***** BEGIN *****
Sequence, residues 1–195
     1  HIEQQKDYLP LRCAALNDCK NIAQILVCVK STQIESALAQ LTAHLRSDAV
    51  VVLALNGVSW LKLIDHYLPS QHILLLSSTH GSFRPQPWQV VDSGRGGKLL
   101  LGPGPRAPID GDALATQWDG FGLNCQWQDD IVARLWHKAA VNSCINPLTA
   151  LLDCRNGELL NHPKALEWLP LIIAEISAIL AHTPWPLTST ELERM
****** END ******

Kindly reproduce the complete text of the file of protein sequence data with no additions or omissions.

Sequence, residues 1–195
     1  HIEQQKDYLP LRCAALNDCK NIAQILVCVK STQIESALAQ LTAHLRSDAV
    51  VVLALNGVSW LKLIDHYLPS QHILLLSSTH GSFRPQPWQV VDSGRGGKLL
   101  LGPGPRAPID GDALATQWDG FGLNCQWQDD IVARLWHKAA VNSCINPLTA
   151  LLDCRNGELL NHPKALEWLP LIIAEISAIL AHTPWPLTST ELERM